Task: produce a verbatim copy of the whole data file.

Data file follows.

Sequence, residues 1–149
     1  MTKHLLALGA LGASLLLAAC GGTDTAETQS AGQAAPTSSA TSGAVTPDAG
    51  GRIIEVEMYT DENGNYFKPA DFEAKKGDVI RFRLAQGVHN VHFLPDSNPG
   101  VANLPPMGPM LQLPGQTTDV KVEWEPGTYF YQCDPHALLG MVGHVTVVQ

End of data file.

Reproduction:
Sequence, residues 1–149
     1  MTKHLLALGA LGASLLLAAC GGTDTAETQS AGQAAPTSSA TSGAVTPDAG
    51  GRIIEVEMYT DENGNYFKPA DFEAKKGDVI RFRLAQGVHN VHFLPDSNPG
   101  VANLPPMGPM LQLPGQTTDV KVEWEPGTYF YQCDPHALLG MVGHVTVVQ